Pit emptying in Pakhirachala

In early May, latrine pit emptying field work was completed in the Pakhirachala Village in Mymensingh District. This work consisted of interviews with local pit emptiers, observations of local pit emptying operations, and testing five safety interventions in the pit emptying process. The objective of the field work was to understand local emptying practices and potentially find ways to reduce environmental and health risks to pit emptiers and the community.

Nine pit emptiers were interviewed, ranging in age from 16 to 47 years old. All of the interviewees were formally employed during the day by the pourishava  (local authority) to collect solid latrine waste and chose to spend 8-10 nights per month informally working part-time as pit emptiers for the additional income. 

left: Manual latrine pit emptying with buckets and rope. above: Burying sludge in nearby disposal pits within the residential community.

The workers demonstrated two methods of latrine pit emptying: (1) manually bailing sludge with buckets and rope and (2) utilizing a submersible electric sump pump rented from a local businessman. After removal from the latrine pit, sludge is transported via different types of flexible hosepipes to a nearby burial pit dug by the local pit emptiers.

Local emptiers wearing their new personal protective equipment.

The safety interventions tested in the Pakhirachala Village included the provision of personal protective equipment and the introduction of four different pit emptying technology aids: a gulper hand pump, a diaphragm hand pump, an electric sump pump and a diesel turbine pump. The personal protective equipment given to the pit emptiers was provided by Forum for Public Health, an NGO. Each pit emptier was provided with a waterproof suit, rubber boots and gloves, safety glasses and a respirator. The workers demonstrated that they could readily perform pit emptying operations while wearing this equipment and reported that they believed the gear made their work cleaner.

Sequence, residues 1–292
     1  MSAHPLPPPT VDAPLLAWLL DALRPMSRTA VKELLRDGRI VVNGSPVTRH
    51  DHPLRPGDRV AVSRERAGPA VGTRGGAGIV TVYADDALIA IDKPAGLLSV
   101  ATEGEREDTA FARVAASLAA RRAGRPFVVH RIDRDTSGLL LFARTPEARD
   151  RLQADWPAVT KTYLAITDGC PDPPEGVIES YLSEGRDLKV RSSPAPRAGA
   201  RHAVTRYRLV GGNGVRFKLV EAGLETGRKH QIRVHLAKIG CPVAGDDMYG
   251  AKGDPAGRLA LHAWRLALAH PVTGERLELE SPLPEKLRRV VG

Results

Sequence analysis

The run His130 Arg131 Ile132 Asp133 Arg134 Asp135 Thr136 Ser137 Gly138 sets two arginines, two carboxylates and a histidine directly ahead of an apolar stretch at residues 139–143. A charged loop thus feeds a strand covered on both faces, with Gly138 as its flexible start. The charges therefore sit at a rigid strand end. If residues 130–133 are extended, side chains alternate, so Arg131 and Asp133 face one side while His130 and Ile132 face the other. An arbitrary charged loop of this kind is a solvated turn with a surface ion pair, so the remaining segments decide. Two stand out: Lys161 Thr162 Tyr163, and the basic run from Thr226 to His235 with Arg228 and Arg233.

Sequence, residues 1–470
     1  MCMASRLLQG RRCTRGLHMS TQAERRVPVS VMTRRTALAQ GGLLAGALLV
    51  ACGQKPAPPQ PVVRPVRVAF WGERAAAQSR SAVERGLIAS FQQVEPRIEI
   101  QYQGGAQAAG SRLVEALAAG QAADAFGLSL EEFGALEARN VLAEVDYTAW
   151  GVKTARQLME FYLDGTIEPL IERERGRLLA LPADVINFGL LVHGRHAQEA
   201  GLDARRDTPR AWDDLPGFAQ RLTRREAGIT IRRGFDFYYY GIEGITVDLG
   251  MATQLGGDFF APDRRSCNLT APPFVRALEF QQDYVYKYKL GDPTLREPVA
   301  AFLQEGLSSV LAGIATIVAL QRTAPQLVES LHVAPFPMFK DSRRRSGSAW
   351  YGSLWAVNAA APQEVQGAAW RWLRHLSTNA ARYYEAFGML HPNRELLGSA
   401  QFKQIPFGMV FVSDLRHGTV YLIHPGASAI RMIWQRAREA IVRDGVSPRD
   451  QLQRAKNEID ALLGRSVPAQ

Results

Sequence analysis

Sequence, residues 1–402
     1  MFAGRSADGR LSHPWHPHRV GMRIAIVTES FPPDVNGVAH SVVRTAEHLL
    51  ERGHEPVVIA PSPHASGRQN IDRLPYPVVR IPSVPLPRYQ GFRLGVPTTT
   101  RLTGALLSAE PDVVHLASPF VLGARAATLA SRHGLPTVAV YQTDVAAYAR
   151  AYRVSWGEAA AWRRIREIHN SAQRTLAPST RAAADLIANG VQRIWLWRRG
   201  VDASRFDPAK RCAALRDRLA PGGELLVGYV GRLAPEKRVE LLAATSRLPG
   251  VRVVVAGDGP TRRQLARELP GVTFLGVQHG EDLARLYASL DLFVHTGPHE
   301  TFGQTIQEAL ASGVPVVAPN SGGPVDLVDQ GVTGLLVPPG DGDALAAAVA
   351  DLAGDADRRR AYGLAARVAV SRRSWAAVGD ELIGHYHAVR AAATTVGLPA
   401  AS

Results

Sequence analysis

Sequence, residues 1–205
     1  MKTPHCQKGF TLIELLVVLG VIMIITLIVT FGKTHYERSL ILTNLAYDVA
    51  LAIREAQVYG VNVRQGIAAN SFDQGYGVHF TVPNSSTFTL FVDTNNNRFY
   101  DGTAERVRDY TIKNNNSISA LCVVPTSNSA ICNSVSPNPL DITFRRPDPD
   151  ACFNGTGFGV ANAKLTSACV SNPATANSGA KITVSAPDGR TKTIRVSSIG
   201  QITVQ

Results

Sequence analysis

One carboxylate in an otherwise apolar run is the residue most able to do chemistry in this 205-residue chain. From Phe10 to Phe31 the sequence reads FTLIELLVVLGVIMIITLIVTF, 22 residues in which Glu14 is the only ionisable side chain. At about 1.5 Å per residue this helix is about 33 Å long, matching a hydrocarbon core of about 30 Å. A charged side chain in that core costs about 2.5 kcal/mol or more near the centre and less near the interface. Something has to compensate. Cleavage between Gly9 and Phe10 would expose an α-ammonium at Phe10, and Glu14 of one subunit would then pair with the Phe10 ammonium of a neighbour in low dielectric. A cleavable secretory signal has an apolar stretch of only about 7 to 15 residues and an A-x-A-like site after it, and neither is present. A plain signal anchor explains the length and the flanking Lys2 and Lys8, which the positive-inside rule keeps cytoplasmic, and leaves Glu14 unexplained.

The operations of each of the four pit emptying technologies were demonstrated for the local pit emptiers. Afterwards, the advantages and disadvantages of the various pumps were discussed.  It was noted that although all of the technologies had the potential to reduce the health risks of pit emptiers due to reduced exposure to fecal sludge, none of these interventions addressed the environmental or community risks resulting from the on-site sludge burial pits.

This field work will be repeated in a village in Khulna District to compare and contrast the findings in Mymensingh.

 

Friday, May 30, 2014 10:52:00 AM

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